|(Foreground) Laila Robins as Lady Macbeth and (background) Robert Cuccioli as Macbeth. Photo © Gerry Goodstein.|
Variety hails, "Robert Cuccioli has crafted a Macbeth of fire and intelligence"
"So courageously stunning in its
concept, so dynamically different from any previous, cheers should be heard
across the country," says the Princeton Packet.
Shakespeare, and Superstition
By Peter Filichia
Monday, October 25, 2004
So Joe Discher, the associate artistic director of the Shakespeare Theatre of New Jersey, came out to welcome Saturday's opening night crowd to "Macbeth" -- and in doing so, said the title of the play three times.
Some in the Madison playhouse gasped in surprise. Stage-savvy folk aren't supposed to say "Macbeth" when they're on-stage or backstage; "The Scottish Play" is the preferred euphemism. Superstition dictates that disaster will strike if "Macbeth" is even whispered.
Another notion debunked. For artistic director Bonnie J. Monte's smart production certainly wasn't harmed by Discher's uttering the feared title.
Right away, Monte shows she's up for something new. The three witches who open the play are usually cackling crones. Here they're unswervingly calm as they make their predictions that Macbeth will eventually supplant Duncan as King of Scotland. Later, when they take off their hoods, they'll be shown to be quite beautiful, too.
Monte's masterful conceit is that these witches may eventually become apparitions inside Macbeth's head. After all, any man who sees the ghost of a man he had killed (in a startlingly staged scene) could be constantly haunted. That Monte chooses to bring many more than three witches on stage (in another startlingly staged scene) well-supports Macbeth's madness.
Robert Cuccioli shrewdly plays Macbeth as an innately weak man who doesn't have The Right Stuff to be king. After he says, "I have done the deed," he seems as if he's just about to vomit. Even in moments when he's at his apex as monarch, he shows a fear that his day of reckoning will inevitably come. What dismay he shows in his sad eyes when he must meet Macduff, whom he has greatly wronged.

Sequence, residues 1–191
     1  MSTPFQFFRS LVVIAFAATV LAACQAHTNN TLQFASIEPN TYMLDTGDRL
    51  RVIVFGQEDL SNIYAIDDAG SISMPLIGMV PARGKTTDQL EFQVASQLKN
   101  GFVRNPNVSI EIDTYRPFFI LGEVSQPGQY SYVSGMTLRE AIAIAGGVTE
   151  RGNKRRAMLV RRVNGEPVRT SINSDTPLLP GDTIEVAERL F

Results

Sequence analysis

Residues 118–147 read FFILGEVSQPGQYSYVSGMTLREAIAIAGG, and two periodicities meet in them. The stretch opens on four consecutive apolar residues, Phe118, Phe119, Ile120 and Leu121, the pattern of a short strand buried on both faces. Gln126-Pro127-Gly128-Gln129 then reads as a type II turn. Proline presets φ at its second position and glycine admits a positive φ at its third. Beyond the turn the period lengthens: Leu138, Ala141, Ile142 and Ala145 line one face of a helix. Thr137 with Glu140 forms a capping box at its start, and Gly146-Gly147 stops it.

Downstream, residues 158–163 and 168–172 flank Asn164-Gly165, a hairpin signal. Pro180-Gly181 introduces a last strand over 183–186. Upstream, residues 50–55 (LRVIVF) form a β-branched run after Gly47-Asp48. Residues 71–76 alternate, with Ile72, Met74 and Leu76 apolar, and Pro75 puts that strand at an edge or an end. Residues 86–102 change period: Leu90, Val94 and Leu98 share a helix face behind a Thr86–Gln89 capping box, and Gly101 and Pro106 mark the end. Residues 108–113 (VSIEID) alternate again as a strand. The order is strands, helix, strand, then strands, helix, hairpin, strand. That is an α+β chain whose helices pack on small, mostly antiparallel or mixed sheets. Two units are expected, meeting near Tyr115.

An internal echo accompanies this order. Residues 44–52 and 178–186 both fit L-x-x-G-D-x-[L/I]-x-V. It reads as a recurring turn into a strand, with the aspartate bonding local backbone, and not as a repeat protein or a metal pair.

As Lady Macbeth, Laila Robins is riveting from her first scene, when she reads her husband's letter that mentions the witches predicted great things for him. How Robins' eyes flash when the idea of becoming Scotland's first lady first occurs to her. When Macbeth arrives, she says, "Leave all the rest to me" with unbridled optimism.
After the coup, she adapts to her queenly duties quite charmingly, too -- though she isn't above turning on her husband when he wavers. What contempt she then spews out as she questions his masculinity. Yet she too will come to the conclusion that crime, especially assassination, doesn't pay, in her harrowing last scene.
The rest of the cast scores equally well. Raphael Nash Thompson is a regal Duncan who hasn't lost the common touch. As Macduff, Gregory Derelian has the strength of a fairy-tale hero who arrives in the nick of time. Eric Hoffmann is the Porter who ably provides the bit of comic relief with jokes about sex and alcohol. What fun he is, too, in a scene where he expects a tip. The character definitely needs to be reminded that "tip" is often thought to be an acronym for "to insure prompt service." (He doesn't.)
Michael Schweikardt has provided a simple but starkly effective set. Brenda Gray compensates with effective lighting. Rick Sordelet always provides impressive stage fights, but the one here is particularly thrilling.
Does this prove that one can utter "Macbeth" in a theater? Not necessarily, but many attendees will say "Macbeth" to their friends and neighbors when telling them what show to see in the next few weeks.
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Excerpted from the review by Robert L. Daniels
Monday, October 28, 2004
Bonnie J. Monte's production of "Macbeth" for The Shakespeare Theater of New
Jersey has both star power and a palatable cutting thrust. Monte has paced the
Bard's most foul and devious tragedy with a stealthy sense of impending doom and
harnessed the fury with an unnerving severity, lending the Scottish play an
austere and uncluttered sense of urgency.
Robert Cuccioli, Broadway's Dr. Jekyll and Mr. Hyde, has crafted a Macbeth of fire and intelligence. There is a rugged physical strength that dominates his presence, and there lurks behind his sturdy, handsome presence a commanding blend of drive and stature.
Laila Robins is a sensual Lady Macbeth, ruthless and ambitious, full of passion. Her cunning collusion with her cautiously optimistic husband reveals a decidedly cool, foxy edge that would make any virile male submit.
Her sleepwalking scene, motivated by seeds of guilt and madness, is one of icy grandeur and potency.